•    In the Spotlight: Congratulations!  Your ad has made it to the front of the queue, ahead of all of the stimuli that compete for a user’s attention online. It is in full view, on an engaging site, placed within an appropriate context and the viewer it’s displayed to fits the consumer profile for your brand.

This ultimate degree of visibility obviously carries the most value for an advertiser and achieving “spotlight” status should be the strategic goal for any media vendor.

However,  this is still only just a start! Beyond being merely seen, an ad must above all be looked at. It must engage the user and elicit its intended response. That’s where the magic of creative comes into play… in the challenge to capture and retain the attention of the audience. Visibility, as imperative as it may be for someone to engage, take action or remember a brand, is only a condition, not a guarantee, for success.

For a chance of being noticed, advertising must reach "spotlight status"

Stop Calling ‘First Look’ A Private Exchange

by Andrew Casale (VP Strategy)

When evaluating and eventually buying private exchanges, there still seems to be considerable confusion from desks, and the DSPs powering buys about the practical usage of this channel. In my view the confusion is fueled by the lack of standards for the usage of the term ‘private exchange.’ There are several widely used tactics that create very different value to the buy side that, in my view, need to be better differentiated. And, only one tactic is fitting of the “private” label. I’ll compare two of the more commonly used approaches to the model and how they differ.

“First look” is a tactic widely offered by sellers who operate private exchanges. It effectively means prioritized access and prioritized bidding. Impressions are made available to the open RTB market and then cleared via a second price auction. Meaning the highest bid received from DSPs participating in the auction is cleared at the second highest price set by the sell side platform (SSP) representing the publisher.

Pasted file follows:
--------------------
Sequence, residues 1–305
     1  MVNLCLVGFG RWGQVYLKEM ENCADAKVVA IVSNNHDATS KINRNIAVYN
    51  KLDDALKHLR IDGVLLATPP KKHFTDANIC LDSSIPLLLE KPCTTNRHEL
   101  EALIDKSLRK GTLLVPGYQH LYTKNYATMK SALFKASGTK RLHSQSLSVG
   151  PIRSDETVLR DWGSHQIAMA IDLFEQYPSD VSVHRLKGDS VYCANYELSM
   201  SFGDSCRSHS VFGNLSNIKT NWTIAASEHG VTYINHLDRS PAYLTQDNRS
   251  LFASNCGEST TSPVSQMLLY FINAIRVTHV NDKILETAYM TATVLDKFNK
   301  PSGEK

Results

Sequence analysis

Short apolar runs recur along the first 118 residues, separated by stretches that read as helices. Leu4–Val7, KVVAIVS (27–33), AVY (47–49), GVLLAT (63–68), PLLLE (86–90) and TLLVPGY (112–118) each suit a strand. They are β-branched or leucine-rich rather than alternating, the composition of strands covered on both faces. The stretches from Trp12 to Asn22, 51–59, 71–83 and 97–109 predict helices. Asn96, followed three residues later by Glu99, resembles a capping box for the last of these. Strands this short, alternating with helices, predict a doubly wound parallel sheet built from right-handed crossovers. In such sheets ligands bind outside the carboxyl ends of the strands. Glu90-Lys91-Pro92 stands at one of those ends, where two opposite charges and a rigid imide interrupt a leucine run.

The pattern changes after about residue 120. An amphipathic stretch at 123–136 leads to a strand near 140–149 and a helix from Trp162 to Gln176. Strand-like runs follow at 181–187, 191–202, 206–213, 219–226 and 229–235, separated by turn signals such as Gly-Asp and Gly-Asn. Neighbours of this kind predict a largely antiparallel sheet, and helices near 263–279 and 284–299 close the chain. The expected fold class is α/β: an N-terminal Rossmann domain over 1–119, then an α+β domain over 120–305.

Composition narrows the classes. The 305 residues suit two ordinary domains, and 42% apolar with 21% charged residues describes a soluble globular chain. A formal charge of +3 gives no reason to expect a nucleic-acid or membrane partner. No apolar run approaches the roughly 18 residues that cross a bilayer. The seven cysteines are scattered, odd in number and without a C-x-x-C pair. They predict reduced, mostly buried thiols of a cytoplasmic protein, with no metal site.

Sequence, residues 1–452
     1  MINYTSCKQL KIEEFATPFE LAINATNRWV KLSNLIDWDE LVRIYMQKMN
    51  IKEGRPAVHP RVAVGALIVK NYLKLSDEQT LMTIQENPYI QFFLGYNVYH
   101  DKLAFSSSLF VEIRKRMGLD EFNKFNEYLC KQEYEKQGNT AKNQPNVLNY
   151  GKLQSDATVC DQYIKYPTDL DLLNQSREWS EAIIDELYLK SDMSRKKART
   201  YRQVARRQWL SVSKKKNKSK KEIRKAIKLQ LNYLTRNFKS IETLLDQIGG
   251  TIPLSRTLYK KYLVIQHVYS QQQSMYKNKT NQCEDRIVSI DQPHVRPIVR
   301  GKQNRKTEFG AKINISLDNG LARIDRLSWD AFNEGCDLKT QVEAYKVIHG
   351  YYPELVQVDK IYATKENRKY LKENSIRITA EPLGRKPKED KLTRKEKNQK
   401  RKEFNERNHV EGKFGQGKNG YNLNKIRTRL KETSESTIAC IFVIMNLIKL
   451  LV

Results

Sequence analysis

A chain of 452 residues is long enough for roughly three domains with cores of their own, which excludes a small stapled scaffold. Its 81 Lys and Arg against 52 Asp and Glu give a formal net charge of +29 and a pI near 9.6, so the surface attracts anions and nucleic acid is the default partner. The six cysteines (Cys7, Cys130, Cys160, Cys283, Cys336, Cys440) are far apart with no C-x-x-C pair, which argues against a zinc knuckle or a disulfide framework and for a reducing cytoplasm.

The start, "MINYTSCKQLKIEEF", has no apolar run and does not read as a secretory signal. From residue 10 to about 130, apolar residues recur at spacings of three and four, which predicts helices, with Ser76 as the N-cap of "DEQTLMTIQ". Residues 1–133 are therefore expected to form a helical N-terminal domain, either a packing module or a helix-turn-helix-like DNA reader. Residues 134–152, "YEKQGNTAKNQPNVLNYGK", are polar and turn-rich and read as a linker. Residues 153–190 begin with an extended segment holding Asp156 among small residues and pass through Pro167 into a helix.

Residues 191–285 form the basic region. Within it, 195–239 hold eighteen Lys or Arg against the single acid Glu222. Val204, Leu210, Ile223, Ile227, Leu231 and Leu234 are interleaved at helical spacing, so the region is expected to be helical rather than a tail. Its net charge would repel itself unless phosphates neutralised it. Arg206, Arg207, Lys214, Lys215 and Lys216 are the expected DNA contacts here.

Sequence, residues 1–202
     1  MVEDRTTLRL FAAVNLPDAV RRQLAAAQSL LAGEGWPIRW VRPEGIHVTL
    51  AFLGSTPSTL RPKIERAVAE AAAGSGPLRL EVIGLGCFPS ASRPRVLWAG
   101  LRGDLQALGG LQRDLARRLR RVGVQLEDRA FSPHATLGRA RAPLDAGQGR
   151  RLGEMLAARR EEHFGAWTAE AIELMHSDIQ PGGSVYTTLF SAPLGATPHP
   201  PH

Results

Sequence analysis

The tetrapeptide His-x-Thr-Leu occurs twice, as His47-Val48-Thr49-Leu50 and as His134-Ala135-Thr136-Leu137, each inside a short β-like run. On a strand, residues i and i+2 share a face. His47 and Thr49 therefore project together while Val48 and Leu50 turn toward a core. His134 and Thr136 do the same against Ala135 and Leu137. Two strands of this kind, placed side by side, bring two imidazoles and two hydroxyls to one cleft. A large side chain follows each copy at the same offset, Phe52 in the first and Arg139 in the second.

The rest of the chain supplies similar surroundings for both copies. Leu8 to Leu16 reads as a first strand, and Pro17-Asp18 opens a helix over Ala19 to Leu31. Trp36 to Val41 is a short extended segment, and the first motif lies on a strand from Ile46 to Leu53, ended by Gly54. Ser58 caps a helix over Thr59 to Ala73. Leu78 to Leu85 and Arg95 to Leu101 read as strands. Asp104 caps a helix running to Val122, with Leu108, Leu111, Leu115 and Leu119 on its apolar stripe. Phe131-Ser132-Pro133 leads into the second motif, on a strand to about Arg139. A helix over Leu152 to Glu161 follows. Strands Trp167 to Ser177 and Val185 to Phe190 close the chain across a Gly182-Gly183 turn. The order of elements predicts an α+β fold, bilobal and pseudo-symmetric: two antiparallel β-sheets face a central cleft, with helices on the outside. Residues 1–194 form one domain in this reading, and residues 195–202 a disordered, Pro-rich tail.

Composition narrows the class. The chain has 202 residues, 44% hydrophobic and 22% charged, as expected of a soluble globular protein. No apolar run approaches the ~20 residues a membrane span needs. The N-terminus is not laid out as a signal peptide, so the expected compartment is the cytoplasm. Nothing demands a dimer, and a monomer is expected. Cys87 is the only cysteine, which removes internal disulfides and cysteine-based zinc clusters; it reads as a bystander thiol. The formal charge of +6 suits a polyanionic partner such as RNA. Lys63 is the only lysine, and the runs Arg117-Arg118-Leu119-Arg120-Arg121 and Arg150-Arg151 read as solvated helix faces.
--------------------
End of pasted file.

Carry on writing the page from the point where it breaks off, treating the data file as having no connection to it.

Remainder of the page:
However, publishers also want to incite buying and offer up rewards in return for commitments, and this is where the first look tactic comes in. Instead of the winning impression going to the highest bid, if a bid comes through from a preferred or prioritized buyer, that buyer wins the impression at whatever the pre-negotiated floor or fixed price is. The buyer is guaranteed to get the impression whether they would have paid more for it or not in the open auction. This privilege is typically granted in return for a commitment – perhaps a guaranteed quarterly or yearly spend that the buyer has made to the publisher, or just a commitment in spirit that the buyer will push more budget towards the publisher. Since RTB is still clearing a minority of display impressions (estimated at 25% of all impressions), price may be important but fill is equally important, if not more.

Depending on the buyer, the first look model is either very interesting or not interesting at all. Some buyers would rather take their chances in the open market and see what impressions they can get at presumably the lowest price, with no committed budget. Others have such a narrow targeted audience who they absolutely have to reach – and that’s when it is worth paying a higher average clearing price, and even commit some budget, to be guaranteed access to those valuable audience segments.

On the other hand, there are private exchanges in market today that are actually private exchanges. Meaning their impressions do not go to the open market to bid. These impressions are only made available to select buyers who have a pre-negotiated deal with a publisher. These private exchanges represent the rare case where a buyer can’t just take their chances on the open market and see what they get, as they’ll never access the publisher’s impressions. Every conversation that I have been privy to between a buyer and a publisher who operates in this capacity has been extremely positive because it brings something to the table that everyone wants – unique, unduplicated, differentiated impressions. Despite the massive size of the supply pool today, buyers are still seeking unique and premium inventory because their needs are not entirely satisfied by what they have access to today.

I’m not suggesting one approach is better than the other. Depending on the publisher, the optimal model will differ. My intent is to reorganize what we define as a private exchange. Doing so adds more credibility to both the usage of first look tactics and true private exchanges, as expectations will be set at the outset and less confusion will arise. This may hopefully serve to remove some of the fuel from the continued debate over this model.